WASHINGTON — Humbled and increasingly desperate as car sales plummet, the heads of the country's Big Three automakers told Congress on Thursday that they were willing to accept oversight of their spending in return for $34 billion in government loans to keep them afloat.
The chief executives also said they would be amenable to taking the money in stages, which would allow the government to put the brakes on additional funding if the companies were not making solid progress reinventing themselves as leaner, profitable enterprises.
But skepticism remained high on Capitol Hill during a hearing of the Senate Banking Committee, with lawmakers questioning Detroit's commitment to becoming more competitive and worrying that the taxpayers' money would quickly be frittered away.
As a result, General Motors Corp., Ford Motor Co. and Chrysler still face tough odds in getting government help this year.
"In just two short weeks the price tag has jumped from . . . $25 billion to $34 billion," said Sen. Richard C. Shelby of Alabama, the Banking Committee's top Republican. "I'm interested in hearing what changed and why we should believe things will get better."
Democrats are generally more sympathetic to the automakers' plight, saying thousands of jobs would be lost -- and the nation's industrial might jeopardized -- if any of the automakers is allowed to collapse.
"None of us relishes this task that we are asked to consider, yet who among us believes we should risk the consequences of the collapse of . . . one or more domestic automobile manufacturers?" Banking Committee Chairman Christopher J. Dodd (D-Conn.) said at the start of a nearly six-hour hearing. "Make no mistake about it -- those consequences would be severe and sweeping."
The auto executives face another grilling today, when they appear before the House Financial Services Committee, which gave them an even rougher mauling than the Senate panel last month.
The idea of paying out government funds in installments rather than all at once appeared to gain traction among members of Congress, though nothing approaching a final deal was at hand.
As described to the auto executives, about half the money would be disbursed quickly to keep the companies afloat through March 31. The rest would be held back until a government board of trustees was convinced that the companies were making progress toward becoming more competitive and retooling their lineups to offer more fuel-efficient cars.
Sen. Charles E. Schumer (D-N.Y.) pushed the idea of a single trustee designated by the president to control disbursement of additional money after March 31 and force changes on the companies and the United Auto Workers union, which has been criticized for protecting the compensation packages of its members.
"I think that there's a general view that we want to see the conditions before we give you the money. And you folks sort of want the money and then say, 'Let the conditions work out,' " Schumer said. "I don't trust the car companies' leadership. . . . I worry that if they're left on their own, they'll be back a short time later asking for more, and we won't be better off."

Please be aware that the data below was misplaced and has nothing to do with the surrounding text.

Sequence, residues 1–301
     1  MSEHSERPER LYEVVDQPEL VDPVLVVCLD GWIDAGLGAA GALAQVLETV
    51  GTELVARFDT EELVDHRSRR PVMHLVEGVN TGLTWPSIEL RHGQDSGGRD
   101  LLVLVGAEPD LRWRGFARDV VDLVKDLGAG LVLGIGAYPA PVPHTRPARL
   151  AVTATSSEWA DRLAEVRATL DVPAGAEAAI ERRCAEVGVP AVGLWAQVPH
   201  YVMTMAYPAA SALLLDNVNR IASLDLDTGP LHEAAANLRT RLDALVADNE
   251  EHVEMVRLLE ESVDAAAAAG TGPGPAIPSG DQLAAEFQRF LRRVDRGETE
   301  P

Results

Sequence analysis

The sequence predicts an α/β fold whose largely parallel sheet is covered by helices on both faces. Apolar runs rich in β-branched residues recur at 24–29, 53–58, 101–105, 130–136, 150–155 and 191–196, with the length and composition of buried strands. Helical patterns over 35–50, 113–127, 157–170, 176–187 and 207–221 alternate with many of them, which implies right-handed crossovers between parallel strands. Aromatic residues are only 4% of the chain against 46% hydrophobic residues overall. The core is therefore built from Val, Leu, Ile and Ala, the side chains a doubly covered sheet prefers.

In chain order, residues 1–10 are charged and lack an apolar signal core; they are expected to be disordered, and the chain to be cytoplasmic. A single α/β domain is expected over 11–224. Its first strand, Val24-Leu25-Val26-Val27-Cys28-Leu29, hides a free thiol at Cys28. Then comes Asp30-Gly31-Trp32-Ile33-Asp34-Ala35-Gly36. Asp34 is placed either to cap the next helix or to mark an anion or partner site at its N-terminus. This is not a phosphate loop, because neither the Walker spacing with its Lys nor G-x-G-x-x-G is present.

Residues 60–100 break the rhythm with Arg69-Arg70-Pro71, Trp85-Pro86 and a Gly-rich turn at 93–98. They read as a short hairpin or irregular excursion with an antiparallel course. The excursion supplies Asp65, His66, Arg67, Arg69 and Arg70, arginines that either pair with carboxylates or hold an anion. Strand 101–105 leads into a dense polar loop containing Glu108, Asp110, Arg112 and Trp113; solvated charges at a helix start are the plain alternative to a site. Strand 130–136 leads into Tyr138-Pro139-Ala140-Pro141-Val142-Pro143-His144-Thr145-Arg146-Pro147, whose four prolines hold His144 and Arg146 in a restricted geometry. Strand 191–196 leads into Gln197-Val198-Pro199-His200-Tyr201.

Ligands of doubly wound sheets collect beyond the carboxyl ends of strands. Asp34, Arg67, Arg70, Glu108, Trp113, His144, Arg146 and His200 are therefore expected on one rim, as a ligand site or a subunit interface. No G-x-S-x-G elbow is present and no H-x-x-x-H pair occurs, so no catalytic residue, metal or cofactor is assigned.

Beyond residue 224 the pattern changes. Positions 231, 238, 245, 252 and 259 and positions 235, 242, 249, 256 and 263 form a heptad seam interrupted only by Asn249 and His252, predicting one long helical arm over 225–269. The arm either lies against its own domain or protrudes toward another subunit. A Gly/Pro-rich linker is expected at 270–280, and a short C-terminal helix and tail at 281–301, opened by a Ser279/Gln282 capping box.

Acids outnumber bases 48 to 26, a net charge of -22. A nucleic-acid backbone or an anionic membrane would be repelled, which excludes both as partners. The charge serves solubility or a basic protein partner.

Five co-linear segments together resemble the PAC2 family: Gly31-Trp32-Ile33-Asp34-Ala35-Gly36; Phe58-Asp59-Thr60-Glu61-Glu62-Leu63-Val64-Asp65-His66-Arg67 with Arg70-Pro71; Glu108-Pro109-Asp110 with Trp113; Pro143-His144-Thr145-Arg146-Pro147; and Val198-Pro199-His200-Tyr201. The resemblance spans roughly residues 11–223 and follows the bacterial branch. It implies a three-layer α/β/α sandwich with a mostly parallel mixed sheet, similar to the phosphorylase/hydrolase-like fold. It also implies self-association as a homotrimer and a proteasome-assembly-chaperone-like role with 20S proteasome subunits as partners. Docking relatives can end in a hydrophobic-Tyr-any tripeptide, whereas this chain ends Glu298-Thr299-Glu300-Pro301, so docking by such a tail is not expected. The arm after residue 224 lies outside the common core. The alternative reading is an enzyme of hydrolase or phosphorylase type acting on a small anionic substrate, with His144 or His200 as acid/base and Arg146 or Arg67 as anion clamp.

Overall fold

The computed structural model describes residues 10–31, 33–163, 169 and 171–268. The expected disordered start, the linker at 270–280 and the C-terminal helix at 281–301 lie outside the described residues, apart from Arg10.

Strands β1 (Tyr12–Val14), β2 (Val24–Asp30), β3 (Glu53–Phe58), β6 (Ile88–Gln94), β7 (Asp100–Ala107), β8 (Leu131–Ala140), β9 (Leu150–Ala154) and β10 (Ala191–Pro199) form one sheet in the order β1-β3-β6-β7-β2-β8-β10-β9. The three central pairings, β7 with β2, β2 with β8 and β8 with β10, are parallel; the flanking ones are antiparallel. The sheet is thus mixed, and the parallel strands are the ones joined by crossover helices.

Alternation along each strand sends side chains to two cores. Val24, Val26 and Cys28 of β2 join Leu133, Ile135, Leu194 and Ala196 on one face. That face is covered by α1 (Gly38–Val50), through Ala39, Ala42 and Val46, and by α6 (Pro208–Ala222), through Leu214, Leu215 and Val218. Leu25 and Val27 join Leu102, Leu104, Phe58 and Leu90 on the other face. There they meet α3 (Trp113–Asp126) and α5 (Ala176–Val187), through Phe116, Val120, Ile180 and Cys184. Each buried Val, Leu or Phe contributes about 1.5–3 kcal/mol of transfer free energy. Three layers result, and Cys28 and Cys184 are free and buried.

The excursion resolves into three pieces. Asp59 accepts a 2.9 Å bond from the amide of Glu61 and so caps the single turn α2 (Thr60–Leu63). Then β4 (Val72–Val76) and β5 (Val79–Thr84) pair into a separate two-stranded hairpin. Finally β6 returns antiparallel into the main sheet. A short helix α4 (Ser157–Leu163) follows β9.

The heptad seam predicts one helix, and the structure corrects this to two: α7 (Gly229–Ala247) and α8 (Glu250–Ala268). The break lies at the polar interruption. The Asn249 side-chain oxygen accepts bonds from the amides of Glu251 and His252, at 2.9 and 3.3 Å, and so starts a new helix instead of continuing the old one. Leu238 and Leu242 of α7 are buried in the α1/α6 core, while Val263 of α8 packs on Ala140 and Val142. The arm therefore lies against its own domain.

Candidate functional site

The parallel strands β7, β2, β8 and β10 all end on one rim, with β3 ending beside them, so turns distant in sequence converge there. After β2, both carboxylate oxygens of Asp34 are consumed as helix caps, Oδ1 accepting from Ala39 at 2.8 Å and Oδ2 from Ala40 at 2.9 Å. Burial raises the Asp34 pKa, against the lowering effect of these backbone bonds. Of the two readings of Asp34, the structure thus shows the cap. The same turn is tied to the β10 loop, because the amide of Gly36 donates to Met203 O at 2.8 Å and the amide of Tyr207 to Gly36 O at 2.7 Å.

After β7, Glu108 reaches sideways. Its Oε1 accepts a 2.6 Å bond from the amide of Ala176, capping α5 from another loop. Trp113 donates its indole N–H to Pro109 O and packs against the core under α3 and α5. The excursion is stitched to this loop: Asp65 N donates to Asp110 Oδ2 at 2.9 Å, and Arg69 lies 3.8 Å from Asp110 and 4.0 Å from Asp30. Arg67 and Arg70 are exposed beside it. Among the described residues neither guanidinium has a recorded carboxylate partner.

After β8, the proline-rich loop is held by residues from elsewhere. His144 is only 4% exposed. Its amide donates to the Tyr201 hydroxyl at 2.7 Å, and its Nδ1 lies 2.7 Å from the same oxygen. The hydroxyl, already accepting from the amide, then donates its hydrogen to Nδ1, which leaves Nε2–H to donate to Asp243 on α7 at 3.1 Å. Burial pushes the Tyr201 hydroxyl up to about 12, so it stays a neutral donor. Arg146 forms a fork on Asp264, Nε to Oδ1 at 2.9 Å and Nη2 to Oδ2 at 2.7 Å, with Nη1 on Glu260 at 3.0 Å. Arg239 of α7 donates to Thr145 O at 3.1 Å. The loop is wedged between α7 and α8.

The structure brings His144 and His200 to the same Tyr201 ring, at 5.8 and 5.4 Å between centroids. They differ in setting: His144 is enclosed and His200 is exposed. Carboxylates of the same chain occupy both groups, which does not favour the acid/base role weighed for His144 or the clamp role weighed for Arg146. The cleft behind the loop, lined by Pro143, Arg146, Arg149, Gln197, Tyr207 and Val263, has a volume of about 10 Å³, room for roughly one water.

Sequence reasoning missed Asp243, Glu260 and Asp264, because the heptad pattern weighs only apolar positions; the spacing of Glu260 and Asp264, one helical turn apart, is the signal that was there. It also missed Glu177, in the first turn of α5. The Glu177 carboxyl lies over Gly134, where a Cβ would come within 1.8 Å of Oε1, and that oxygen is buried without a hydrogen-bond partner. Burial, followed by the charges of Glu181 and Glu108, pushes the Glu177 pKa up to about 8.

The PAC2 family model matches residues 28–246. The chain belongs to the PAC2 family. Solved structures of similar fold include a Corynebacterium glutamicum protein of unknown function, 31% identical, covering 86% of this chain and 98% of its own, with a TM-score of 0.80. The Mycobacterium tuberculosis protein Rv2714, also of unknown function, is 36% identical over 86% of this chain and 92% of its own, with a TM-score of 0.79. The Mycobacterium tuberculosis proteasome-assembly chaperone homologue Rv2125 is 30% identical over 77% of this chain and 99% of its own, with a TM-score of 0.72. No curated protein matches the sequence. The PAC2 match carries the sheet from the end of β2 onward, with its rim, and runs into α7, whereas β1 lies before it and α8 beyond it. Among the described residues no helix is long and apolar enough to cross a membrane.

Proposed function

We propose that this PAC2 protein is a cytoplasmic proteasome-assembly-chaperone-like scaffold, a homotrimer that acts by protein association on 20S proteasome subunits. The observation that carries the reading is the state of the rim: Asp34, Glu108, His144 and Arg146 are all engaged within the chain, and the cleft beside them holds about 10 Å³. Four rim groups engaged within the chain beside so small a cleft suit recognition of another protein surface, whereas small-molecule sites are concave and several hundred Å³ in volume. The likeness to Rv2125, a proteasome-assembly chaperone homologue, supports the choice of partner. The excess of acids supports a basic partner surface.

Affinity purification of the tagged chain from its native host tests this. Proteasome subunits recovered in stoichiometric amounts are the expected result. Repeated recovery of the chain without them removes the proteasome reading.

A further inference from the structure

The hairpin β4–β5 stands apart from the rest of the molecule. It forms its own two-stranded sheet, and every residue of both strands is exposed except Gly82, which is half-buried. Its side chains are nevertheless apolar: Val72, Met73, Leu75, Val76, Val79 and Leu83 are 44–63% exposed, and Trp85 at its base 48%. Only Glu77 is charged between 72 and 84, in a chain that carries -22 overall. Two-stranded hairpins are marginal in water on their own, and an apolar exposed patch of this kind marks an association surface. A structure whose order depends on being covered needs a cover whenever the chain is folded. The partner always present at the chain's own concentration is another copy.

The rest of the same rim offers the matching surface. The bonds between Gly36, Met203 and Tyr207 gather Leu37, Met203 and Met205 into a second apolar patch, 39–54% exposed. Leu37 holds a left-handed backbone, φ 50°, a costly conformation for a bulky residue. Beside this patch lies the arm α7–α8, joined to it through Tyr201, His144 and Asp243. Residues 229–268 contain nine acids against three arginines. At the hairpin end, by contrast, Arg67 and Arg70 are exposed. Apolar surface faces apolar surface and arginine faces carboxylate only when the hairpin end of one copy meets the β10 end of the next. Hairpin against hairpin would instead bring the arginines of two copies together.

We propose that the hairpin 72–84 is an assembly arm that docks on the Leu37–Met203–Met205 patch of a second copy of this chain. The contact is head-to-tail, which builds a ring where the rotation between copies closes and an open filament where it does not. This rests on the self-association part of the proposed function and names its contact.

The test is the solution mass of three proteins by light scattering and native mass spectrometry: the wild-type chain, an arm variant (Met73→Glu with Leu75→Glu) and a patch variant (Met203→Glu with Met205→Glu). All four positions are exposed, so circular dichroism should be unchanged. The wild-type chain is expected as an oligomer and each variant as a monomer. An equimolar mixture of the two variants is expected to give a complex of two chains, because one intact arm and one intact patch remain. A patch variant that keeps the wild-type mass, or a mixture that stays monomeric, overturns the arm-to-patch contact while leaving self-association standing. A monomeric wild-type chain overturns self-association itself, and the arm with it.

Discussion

The auto executives said they welcomed the prospect of government oversight.
"It would be very helpful for us, whether it's a board or an individual, to have someone to work with on this, to submit our proposals, and then for that person to say, 'OK, don't agree with that. You've got to change this,' " said GM Chief Executive Rick Wagoner.
Another idea floated at the hearing was to require banks that received bailout money to lend to the automakers, with government guarantees on the loans. That would require federal officials to renegotiate the terms of the capital injections.
Some also suggested that Chrysler and GM be required to merge.
A continuing concern among many lawmakers is that the $34 billion would be just the beginning.
Mark Zandi, chief economist at Moody's Economy.com, testified to the committee that the companies would most likely need $75 billion to $125 billion in government loans to avoid bankruptcy over the next two years.
Even so, Zandi said he favored a bailout, saying the economic cost of the auto industry's failure would be "cataclysmic."
GM said it needed $4 billion this month to avert bankruptcy, another $8 billion next year and a $6-billion line of credit if economic conditions worsened. Chrysler said it needed $7 billion in loans or it could run out of cash early next year.
A new attitude
Ford, which is more financially stable, requested only a "stand-by line of credit" of up to $9 billion. But Ford said that a failure by either competitor could threaten it as well because the automakers depend on many of the same suppliers.
The portion to keep the companies afloat until March 31 drops to $14 billion -- $10 billion for GM and $4 billion for Chrysler.